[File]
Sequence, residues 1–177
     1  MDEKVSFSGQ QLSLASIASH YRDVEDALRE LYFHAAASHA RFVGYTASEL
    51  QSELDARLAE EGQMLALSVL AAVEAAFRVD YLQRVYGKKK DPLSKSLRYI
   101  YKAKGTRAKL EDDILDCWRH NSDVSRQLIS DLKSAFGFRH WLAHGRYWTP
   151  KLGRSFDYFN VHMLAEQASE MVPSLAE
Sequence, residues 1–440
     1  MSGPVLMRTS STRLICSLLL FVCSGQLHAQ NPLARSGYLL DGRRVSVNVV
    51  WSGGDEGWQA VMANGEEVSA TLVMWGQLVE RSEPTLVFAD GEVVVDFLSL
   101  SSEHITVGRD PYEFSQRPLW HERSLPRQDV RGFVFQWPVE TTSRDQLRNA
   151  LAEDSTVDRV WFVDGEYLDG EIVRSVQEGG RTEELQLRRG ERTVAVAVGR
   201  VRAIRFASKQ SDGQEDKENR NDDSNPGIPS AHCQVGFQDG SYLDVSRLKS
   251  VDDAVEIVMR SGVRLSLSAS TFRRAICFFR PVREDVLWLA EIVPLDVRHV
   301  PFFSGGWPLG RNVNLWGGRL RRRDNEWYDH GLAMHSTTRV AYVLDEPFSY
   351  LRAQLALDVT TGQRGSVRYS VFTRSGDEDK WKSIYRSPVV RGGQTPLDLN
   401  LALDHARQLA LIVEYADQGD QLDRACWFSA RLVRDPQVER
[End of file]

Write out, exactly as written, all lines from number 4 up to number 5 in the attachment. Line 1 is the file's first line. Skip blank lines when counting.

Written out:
   101  YKAKGTRAKL EDDILDCWRH NSDVSRQLIS DLKSAFGFRH WLAHGRYWTP
   151  KLGRSFDYFN VHMLAEQASE MVPSLAE